However, Guzman's business success is neither superhuman nor ageless. It relies on exactly the same skill sets held by other leaders in business — wildly overpaid CEOs of major corporations in the legal economy, who depend on ruthlessness, single-minded focus on profits and creativity with cost-saving measures as well as marketing strategies, recruitment and management of tight-knit teams of loyal employees, nimble manipulation of allies and lawmakers and a rigid, amoral code of conduct. Forbes, which included El Chapo on its list of "The World's Most Powerful People," is the only source I found that describes him as a CEO, not a kingpin or lord — but that was before his arrest. Never questioned by the reporters, the labels that confer special status assume there is an unquestionable difference between major figures in the drug trade and major figures in other highly profitable transnational industries. They erect a border fence between narco-news and news about the legal economy.

When news coverage depicts drug dealers
as characters whose symbolic life transcends that
of regular people, they set aside real-life issues of
justice and social pacts.

The literary characteristics of almost all of last weekend’s reporting on the arrest are also striking. Many stories fixated on the unassuming condominium building in which El Chapo was found: “a couple of simple couches in the lobby and a bare cement staircase.” Tragically, they imply, El Chapo has fallen from great heights; he plunged from the mythic mountain hideouts of Sinaloa to a drab middle-class beach condo. The stark description of his humiliation invites readers to recall for themselves the music videos and narcocorridos that always represent this kind of character surrounded by wealth, women and respectful underlings. The press photos of the plainly dressed prisoner looking meek beside masked military captors display a shift of power from the rich, ubiquitous phantom to the law enforcement agents who collared him. The photos also raise ambiguities about that shift, though, since El Chapo can show his face publicly while the law enforcement agents cannot, for fear of reprisals by their prisoner’s allies.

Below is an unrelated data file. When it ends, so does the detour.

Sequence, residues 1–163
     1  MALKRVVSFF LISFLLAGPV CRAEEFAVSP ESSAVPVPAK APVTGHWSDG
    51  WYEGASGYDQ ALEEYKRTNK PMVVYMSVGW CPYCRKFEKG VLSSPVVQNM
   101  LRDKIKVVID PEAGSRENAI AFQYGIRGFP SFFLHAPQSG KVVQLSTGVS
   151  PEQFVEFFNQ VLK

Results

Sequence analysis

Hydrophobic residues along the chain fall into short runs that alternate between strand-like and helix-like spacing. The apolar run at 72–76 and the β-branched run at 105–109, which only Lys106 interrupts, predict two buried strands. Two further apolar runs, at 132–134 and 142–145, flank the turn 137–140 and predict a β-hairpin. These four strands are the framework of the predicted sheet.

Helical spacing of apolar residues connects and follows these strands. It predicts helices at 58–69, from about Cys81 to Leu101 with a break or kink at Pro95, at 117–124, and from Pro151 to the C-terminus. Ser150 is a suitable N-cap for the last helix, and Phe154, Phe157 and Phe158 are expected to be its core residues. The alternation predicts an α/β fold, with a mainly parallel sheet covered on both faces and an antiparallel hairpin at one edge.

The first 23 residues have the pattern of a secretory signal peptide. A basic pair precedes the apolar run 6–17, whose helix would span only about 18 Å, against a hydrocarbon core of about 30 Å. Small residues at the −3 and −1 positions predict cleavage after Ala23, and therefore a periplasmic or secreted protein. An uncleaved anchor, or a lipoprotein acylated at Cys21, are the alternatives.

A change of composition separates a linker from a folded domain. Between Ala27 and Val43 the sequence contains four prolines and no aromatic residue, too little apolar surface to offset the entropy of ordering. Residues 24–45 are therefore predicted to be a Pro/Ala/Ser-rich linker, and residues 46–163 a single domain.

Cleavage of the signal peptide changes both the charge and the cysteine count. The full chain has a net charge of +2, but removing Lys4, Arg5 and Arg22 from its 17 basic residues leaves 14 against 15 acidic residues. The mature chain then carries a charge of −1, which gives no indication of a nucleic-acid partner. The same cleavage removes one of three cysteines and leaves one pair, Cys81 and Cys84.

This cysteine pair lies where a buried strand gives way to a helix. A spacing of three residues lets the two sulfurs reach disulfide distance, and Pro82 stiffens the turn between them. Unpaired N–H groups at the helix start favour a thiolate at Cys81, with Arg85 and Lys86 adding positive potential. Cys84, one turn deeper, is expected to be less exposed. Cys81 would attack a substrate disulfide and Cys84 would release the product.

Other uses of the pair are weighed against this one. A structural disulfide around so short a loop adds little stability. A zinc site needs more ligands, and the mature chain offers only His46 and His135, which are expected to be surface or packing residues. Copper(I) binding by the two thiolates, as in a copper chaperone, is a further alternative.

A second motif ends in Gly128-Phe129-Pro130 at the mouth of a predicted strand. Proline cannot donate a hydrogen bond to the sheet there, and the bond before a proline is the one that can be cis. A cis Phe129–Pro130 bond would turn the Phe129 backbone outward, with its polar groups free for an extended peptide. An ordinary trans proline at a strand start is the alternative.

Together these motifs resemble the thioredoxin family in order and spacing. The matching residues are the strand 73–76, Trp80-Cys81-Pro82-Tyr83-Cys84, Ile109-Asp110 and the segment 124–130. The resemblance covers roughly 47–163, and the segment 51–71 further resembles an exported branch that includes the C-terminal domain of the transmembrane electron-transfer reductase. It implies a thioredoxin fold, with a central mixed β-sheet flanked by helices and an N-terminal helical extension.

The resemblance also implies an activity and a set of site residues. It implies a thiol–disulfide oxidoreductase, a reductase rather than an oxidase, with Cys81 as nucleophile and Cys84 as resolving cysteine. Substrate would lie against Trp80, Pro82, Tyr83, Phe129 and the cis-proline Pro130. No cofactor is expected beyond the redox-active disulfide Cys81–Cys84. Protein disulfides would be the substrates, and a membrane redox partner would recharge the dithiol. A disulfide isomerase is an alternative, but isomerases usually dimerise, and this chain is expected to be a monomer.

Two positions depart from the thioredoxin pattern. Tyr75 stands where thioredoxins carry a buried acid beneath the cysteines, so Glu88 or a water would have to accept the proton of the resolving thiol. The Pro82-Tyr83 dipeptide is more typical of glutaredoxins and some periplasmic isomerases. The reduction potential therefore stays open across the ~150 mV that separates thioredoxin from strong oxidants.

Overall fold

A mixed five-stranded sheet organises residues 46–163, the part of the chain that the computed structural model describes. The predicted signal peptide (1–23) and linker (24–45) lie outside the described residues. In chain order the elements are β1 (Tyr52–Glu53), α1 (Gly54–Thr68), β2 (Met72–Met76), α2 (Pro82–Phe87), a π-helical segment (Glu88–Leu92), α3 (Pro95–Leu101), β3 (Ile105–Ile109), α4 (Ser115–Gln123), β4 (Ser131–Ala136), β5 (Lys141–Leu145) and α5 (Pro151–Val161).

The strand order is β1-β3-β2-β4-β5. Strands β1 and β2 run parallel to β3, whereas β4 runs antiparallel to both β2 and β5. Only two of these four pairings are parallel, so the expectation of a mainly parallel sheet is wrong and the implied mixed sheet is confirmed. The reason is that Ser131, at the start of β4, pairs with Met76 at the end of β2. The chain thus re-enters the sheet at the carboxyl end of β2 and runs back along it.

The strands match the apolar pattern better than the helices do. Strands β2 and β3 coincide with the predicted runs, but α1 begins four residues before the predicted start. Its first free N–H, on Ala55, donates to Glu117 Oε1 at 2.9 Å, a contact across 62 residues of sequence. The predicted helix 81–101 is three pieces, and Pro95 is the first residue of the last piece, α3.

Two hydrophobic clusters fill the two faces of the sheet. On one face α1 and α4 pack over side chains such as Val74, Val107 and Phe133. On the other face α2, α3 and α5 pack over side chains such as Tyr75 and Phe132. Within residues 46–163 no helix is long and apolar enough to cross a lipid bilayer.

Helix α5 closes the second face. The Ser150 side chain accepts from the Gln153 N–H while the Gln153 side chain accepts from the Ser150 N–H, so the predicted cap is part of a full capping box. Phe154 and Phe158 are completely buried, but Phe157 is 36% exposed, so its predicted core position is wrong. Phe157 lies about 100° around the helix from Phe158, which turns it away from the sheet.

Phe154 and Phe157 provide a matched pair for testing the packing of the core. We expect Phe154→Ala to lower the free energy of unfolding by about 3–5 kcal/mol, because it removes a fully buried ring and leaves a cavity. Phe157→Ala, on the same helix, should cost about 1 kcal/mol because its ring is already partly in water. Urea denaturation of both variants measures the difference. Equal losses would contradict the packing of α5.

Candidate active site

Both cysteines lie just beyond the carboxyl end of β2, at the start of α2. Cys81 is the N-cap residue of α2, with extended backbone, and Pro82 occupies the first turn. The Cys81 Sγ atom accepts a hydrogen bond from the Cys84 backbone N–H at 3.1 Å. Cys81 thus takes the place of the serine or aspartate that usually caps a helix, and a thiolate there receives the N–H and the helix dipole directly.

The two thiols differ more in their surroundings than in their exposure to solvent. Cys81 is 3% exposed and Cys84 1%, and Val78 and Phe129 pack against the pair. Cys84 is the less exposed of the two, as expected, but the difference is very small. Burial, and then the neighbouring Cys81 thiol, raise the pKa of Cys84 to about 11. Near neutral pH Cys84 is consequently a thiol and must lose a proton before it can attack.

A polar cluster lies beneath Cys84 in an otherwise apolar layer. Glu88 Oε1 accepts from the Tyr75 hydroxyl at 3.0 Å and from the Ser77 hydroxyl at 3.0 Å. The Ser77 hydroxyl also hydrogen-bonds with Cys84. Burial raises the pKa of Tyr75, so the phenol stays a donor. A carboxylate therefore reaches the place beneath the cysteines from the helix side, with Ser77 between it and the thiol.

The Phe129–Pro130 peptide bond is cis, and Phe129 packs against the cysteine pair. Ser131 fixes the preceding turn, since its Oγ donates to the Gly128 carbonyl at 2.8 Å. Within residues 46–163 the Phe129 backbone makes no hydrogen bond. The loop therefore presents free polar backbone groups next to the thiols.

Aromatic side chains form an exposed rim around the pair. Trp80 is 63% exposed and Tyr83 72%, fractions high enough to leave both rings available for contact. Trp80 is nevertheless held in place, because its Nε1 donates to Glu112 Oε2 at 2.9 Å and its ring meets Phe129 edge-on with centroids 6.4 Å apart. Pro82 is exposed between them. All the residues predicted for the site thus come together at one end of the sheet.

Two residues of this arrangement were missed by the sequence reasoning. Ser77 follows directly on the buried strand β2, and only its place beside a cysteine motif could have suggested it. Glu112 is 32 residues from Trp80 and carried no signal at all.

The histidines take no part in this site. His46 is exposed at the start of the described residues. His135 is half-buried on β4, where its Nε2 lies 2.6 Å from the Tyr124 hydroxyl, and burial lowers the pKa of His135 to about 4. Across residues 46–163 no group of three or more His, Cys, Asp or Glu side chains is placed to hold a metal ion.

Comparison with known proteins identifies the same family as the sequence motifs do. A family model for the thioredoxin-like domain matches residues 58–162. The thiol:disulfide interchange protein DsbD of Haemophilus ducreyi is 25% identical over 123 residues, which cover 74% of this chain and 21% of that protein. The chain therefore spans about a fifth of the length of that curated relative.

Many reporters noted the irony that Guzman “was found hiding in plain sight” (see "El Miedo del Chapo Guzman"). This claim lends poignancy to the law enforcement victory, but it conflicts with historical accounts of Guzman’s elaborate methods of avoiding detection since 2001. It also disregards another aspect of this case: Guzman may never really have been in hiding at all, given his ability to collude with officials who would look the other way anytime they were in a position to nab him. Many Mexicans, the population most directly affected by cartel violence, responded to Saturday’s events with cynicism (“It’s obviously a negotiated surrender, all for show”), incredulity (“That’s not really El Chapo”) or indifference (“There are plenty more to take his place”). These reactions question the relevance of the arrest to Guzman’s reputation as well as to the drug trade overall. In contrast, the reporters make the capture itself deeply meaningful as part of the myth of an all-powerful villain-hero.